• 3. purpose specification (a necessary component of such a notice), particularly at a nascent stage in a journalistic context is infeasible, and may (in the case of investigative journalism) even defeat the purpose of undertaking such processing. Obtaining consent (including obtaining verifiable consent from the parent or lawful guardian of a child or a person with a disability) presents similar problems. For instance, when a journalist is investigating the parties involved in a fraudulent / Ponzi scheme, reporting on road accidents in a particular city, or publishing information about the achievement of an individual who is a resident of another city, the requirement to provide notice and obtain consent would not only be impractical or infeasible but will likely defeat the purpose of the journalistic endeavour, by causing inordinate delay or impeding the journalist from publishing the news report itself. (b) Requirement to process information only for specified purposes: The standards of specificity required for processing personal data should not apply to journalistic activities, which are often exploratory in nature. Often, uncovers new leads or directions through such research and processing of personal information. It would be impractical for a journalist to specify in exact terms the purposes for which the personal data is being collected at such a nascent stage, and unreasonably restrain journalists from fulfilling their professional activities. While the DPDPA contemplates an exemption for processing personal data for research purposes, this exemption is (i) open-ended and subject to standards that are yet to be prescribed; (ii) only available where the personal data is not used to ‘take a decision specific to the Data Principal’, a phrase that is not defined in the DPDPA and will likely encompass the decision to publish an article or news report about or involving a data principal. Accordingly, this exemption is unlikely to be available for processing personal data for journalistic purposes. (c) Enable withdrawal of consent to continued processing and erasure upon request: The DPDPA mandates deletion of personal data where a data principal withdraws consent unless the retention is necessary for compliance with any other law.1 Imposing this obligation on journalists would have wide-reaching implications, requiring them to even delete notes containing personal data. In the absence of a requirement to retain this personal data, journalists will be left with no option but to cease processing (which includes storage) and ultimately erase such personal data, making post-facto validation of a news report or article impossible. (d) Power of Central Government to call for any information: Section 36 of the DPDPA empowers the Central Government to require the Board and any data fiduciary or intermediary to furnish any information that it may seek. Preserving the confidentiality of sources is integral to investigative journalism, as journalists often rely on such informants for sensitive information. Journalists acting as data fiduciaries are not exempted from this provision. This will likely deter potential informants from coming forward with necessary information for fear of their anonymity being compromised, thereby having a debilitating impact on journalism at large. [Note: We can drop this also] 2.2.2. These requirements under the DPDPA when applied to journalists are unduly onerous, 1 Section 6(4) and 8(7), DPDPA.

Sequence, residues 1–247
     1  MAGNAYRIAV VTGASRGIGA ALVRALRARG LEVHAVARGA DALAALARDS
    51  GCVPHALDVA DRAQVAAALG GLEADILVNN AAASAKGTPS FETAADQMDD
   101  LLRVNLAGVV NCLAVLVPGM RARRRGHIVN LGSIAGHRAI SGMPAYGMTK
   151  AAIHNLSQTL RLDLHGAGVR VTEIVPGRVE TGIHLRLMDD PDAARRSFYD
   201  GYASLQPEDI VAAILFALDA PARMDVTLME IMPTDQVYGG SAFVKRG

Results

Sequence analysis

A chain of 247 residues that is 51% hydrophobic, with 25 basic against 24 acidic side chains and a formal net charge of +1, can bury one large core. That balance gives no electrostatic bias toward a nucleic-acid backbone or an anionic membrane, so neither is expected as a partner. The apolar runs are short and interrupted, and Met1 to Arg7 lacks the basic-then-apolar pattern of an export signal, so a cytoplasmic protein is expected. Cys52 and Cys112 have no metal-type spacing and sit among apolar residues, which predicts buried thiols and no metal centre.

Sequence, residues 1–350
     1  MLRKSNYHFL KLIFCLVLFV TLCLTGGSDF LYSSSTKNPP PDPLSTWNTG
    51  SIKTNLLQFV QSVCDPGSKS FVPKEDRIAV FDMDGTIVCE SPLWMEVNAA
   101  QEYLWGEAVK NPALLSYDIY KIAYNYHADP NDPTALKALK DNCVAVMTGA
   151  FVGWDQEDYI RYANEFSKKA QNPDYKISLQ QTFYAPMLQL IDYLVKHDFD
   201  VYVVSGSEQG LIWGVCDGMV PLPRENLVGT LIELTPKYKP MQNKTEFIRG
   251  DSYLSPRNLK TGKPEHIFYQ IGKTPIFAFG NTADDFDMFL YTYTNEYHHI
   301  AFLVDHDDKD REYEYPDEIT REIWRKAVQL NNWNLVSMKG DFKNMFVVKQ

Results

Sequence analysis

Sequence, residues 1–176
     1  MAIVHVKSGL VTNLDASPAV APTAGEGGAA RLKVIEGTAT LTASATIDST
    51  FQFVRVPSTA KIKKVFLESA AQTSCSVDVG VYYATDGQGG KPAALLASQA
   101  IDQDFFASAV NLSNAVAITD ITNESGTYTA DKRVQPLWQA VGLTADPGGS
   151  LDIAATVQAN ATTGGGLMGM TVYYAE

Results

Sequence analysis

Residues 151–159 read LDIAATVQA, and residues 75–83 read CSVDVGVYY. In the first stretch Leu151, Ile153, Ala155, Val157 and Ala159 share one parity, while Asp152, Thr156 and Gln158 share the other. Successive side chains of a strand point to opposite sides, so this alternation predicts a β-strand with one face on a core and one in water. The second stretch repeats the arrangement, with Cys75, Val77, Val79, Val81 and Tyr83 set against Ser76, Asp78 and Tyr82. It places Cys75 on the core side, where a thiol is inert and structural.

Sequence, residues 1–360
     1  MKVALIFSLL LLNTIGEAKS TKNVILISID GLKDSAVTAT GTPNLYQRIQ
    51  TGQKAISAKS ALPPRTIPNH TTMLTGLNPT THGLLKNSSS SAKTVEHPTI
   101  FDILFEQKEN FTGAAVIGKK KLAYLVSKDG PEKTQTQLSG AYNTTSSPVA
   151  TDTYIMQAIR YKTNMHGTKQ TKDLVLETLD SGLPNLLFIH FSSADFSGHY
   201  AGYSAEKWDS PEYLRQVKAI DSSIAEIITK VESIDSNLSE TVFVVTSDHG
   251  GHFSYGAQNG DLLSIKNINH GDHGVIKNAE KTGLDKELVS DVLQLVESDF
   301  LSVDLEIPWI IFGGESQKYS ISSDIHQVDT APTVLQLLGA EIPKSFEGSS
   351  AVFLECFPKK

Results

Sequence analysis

• 4. impractical, and infeasible for journalists, in light of the distinct practices involved in journalism when compared to other professions. 3. Exemptions under previous iterations of the data protection law 3.1 Save for the draft Digital Personal Data Protection Bill, 2022, all prior iterations of India’s data protection law – The Personal Data Protection Bill, 2018, the Personal Data Protection Bill, 2019, and the Data Protection Bill, 2021 – specifically exempted processing for journalistic purposes from complying with most of the corresponding provisions in those drafts, including the obligation to provide notice and obtain consent. 3.2 The Srikrishna Committee Report that accompanied the 2018 Bill,2 too, recognised that exempting journalistic activity from compliance with the 2018 Bill was necessary for greater public interest. Accordingly, the Personal Data Protection Bill, 2018 (2018 Bill), prepared by the Srikrishna Committee, exempted processing for a ‘journalistic purpose’ from complying with all provisions of the 2018 Bill, except for the duty to process personal data in a fair and reasonable manner that respects the privacy of the data principal, and the obligation to implement reasonable security safeguards.3 The 2018 Bill defined ‘journalistic purpose’ as any activity intended towards the dissemination through print, electronic, or any other media of factual reports, analysis, opinions, views, or documentaries regarding: (i) news, recent or current events; or (ii) any other information that the data fiduciary believes the public, or any significantly discernible class of the public, to have an interest in, which would be absolved from obtaining consent from data principals.4 3.3 The Personal Data Protection Bill, 2019 (introduced in the Parliament) and the Data Protection Bill, 2021 (prepared by the Joint Parliamentary Committee on data protection), contained similar provisions to exempt processing for journalistic purposes. This position is notably consistent with other jurisdictions with data protection regimes that provide for exemptions from processing for journalistic purposes. For instance, the European Union’s General Data Protection Regulation (GDPR) enables Member States to provide for exemptions or derogations from certain provisions (e.g., have a lawful reason or basis for using data, provide privacy information, comply with individual rights that people have about their data, etc.) of the GDPR for journalistic purposes and freedom of expression.5 Similarly, Singapore's Personal Data Protection Act, 2012 provides an exception for news organizations to collect, use, and disclose personal data without consent solely for its news activity.6 3.4 Despite this, processing for journalistic purposes is not exempt from the obligations under the DPDPA. It may be possible to argue that Section 17(1)(c) of the DPDPA, which permits processing in the interest of prevention, detection, investigation, or prosecution of any offence or contravention of any law, would exempt processing for a specific kind of journalism: investigative journalism. However, the lack of a broad exemption that applies to all 2 Srikrishna Committee Report, pp.142-147. 3 Section 47, The Personal Data Protection Bill, 2018. 4 Section 3(25), The Personal Data Protection Bill, 2018. 5 Article 85, GDPR. 6 Part II of the First Schedule, Personal Data Protection Act, 2012.